February 15, 1966.
Appeal from the Supreme Court, New York County, THOMAS A. AURELIO, J.
A. Walter Socolow of counsel ( Max E. Lynne with him on the brief), for appellant-respondent.
Adelbert C. Matthews, Jr., of counsel ( Malvern Hill, Jr., with him on the brief; Havens, Wandless, Stitt Tighe, attorneys), for respondent-appellant.
These are cross appeals from a judgment rendered after nonjury trial in an action for damages for wrongful termination of an advertising agency contract. Plaintiff is the successor by merger of an advertising agency, and defendant is a paint manufacturer which contracted for the advertising services. The trial court rendered a judgment in favor of plaintiff in the sum of $76,251.85, of which the only component in serious issue is the principal sum of $59,145 plus interest representing the trial court's evaluation of the damages sustained by reason of the breach of contract.
Defendant contends that it terminated the agency contract for justifiable cause and frustration of purpose, therefore disentitling plaintiff to any damage recovery for breach, and that, in any event, damages were improperly determined. Plaintiff contends that damages in the principal sum of $59,145 were improperly determined and that it is entitled instead to a recovery of $188,791.43. It is concluded that the trial court correctly found on the issues of law and fact that a breach of contract had occurred, while, at the same time, on the issue of damages plaintiff is entitled to a recovery on a different basis than it received but nowhere in the amount claimed. In consequence, the judgment should be modified as indicated later.
The relevant events are as follows:
In 1961 defendant was interested in changing its advertising program. For some time it had conducted its own direct national advertising for itself and some 80 company-owned retail stores through a Florida advertising agency, coupled with a so-called co-operative plan whereby its approximately 600 franchised independent dealers operated their own local advertising programs for which, without monetary limitations, defendant reimbursed the independent dealers for one half of their advertising expenditures. Defendant solicited presentations from advertising agencies providing for a reconstitution of its advertising program with closer control of all advertising of its products, inclusive of that by dealers. Plaintiff's predecessor, Ellington Company, submitted a presentation including a plan for centralized control of all defendant's advertising. On the basis of this presentation Ellington's bid was accepted. A written agency agreement was executed under which Ellington was to handle for the customary 15% commission all advertising ordered by defendant. The agreement was for one year beginning July 1, 1961 and was thereafter terminable on three months' notice by either party. Performance under the agreement ceased at the end of 1961, and the present action eventually followed.
The advertising plan suggested by Ellington provided for direct national advertising by defendant to the exclusion of the franchised independent dealers. The dealers were to be surcharged on their purchases to defray the cost of advertising substituted for local advertising. The plan was not incorporated into the written agency agreement. Nor was any reference made in the agreement to any minimum amounts of advertising or commissions, although prior to the execution of the written agreement defendant represented that a $2,000,000 advertising budget was contemplated.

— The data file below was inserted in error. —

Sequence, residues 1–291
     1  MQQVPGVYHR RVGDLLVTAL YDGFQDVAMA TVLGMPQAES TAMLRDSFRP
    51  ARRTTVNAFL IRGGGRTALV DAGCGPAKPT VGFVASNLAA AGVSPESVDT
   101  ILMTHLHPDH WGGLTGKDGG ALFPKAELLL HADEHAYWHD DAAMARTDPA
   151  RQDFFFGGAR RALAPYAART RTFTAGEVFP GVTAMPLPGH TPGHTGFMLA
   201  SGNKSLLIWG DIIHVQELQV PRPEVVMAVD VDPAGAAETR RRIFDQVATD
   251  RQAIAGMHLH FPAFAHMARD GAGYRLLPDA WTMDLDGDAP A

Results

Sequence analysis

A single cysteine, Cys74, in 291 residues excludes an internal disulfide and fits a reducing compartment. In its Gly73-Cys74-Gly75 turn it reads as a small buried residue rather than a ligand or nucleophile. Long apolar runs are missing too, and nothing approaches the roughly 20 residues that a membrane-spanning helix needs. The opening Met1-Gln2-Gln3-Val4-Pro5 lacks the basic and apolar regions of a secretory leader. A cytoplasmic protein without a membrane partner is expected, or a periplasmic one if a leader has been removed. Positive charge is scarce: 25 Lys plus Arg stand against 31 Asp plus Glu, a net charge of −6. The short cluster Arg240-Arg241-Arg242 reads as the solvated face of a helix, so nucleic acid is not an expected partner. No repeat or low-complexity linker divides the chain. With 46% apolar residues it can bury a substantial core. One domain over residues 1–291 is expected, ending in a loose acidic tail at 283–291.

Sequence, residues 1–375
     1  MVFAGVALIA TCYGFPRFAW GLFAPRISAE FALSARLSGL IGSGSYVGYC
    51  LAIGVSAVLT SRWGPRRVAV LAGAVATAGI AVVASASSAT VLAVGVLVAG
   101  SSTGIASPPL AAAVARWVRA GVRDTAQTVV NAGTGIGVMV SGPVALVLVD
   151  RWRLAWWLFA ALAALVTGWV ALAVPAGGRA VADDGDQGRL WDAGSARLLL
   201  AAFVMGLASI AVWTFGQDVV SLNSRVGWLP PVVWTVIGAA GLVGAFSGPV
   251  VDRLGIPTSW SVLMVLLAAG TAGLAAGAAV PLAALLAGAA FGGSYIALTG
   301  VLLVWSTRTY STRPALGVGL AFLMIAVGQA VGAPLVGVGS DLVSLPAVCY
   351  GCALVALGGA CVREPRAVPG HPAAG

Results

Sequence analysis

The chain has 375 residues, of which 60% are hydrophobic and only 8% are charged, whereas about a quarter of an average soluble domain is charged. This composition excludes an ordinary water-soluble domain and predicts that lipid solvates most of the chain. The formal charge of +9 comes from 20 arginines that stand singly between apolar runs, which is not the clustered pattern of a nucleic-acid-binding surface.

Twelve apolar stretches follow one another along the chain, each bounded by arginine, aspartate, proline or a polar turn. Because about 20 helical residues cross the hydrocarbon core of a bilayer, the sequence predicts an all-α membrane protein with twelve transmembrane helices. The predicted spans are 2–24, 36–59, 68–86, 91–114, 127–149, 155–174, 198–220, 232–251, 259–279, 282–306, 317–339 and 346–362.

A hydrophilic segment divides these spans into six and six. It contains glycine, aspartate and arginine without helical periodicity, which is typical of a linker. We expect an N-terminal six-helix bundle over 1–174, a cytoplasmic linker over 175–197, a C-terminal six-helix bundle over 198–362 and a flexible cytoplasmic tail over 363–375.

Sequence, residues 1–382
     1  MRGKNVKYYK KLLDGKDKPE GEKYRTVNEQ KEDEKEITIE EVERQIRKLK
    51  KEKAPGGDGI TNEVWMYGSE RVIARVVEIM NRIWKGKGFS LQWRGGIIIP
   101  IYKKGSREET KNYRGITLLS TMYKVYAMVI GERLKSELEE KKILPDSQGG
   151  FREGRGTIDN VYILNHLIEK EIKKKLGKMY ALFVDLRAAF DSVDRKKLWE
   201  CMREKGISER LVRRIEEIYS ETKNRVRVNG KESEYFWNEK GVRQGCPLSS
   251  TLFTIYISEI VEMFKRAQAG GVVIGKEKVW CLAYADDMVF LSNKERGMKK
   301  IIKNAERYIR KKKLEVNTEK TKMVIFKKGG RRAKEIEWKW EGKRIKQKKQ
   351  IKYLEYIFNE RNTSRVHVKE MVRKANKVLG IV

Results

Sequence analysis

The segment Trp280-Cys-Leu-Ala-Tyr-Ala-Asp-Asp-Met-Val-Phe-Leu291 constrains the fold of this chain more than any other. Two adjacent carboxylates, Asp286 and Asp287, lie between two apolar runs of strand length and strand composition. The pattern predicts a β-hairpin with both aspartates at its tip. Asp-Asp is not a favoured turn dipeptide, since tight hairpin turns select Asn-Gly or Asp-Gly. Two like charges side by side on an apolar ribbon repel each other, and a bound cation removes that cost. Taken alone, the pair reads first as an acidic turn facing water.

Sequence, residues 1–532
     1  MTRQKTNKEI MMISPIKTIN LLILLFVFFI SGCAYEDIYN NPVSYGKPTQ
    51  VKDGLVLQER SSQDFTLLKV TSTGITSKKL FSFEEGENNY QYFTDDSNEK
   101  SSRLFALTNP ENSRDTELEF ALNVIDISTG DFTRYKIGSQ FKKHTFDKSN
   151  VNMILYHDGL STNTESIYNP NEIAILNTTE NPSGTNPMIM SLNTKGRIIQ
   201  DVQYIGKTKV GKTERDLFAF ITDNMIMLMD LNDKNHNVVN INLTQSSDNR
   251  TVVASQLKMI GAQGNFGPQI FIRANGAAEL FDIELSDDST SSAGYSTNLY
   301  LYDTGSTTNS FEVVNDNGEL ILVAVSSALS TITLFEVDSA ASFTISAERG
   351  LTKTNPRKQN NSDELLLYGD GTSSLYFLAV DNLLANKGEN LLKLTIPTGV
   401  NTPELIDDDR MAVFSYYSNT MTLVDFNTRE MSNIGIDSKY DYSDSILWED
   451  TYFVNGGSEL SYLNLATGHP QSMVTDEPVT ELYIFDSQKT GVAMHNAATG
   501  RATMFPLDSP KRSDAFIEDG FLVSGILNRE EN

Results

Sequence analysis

Promptly after the Ellington agency was retained defendant expressed concern with too abrupt a change-over to the direct national plan. It was eventually agreed that only the western region of the country should be shifted over to "national control", and that as problems discovered in the shift-over were resolved, national control would be instituted in the remainder of the country, the midwestern and eastern regions. The change-over was installed in the western region and produced disastrous results. While there was little, if any, criticism of physical advertising material prepared by Ellington, the independent dealers, with few exceptions, complained of a breakdown in the handling of local advertising campaigns for lack of familiarity with local market conditions and local advertising media. By December, 1961 defendant decided to abandon the national control plan and revert to its old system. It offered to continue Ellington as its advertising agency on direct national advertising. Because of the limited commissions it would receive from a national advertising budget on the old basis, Ellington declined this suggestion. By March, 1962 defendant in writing unilaterally declared the agreement terminated.
During the abortive change-over period covering the first half of the fixed term of the agreement (the second half of 1961) Ellington had prepared all or most of the physical advertising material whether used in direct national or local co-operative advertising. (This material, once distributed, was available to defendant and its independent dealers all through the balance of the fixed term of the agreement.) It billed for and received commissions only on nationally or centrally placed advertising, including that for the western region, totaling $271,599. This aggregated, after stipulated adjustments, to commissions of $36,445.22. During that period direct national advertising amounted to $86,000 and local co-operative advertising amounted to $529,800 (half of which was reimbursed to dealers by defendant). These figures and commissions were in contrast with Ellington's rosy expectations of a 15% commission on an annual advertising budget of $2,000,000.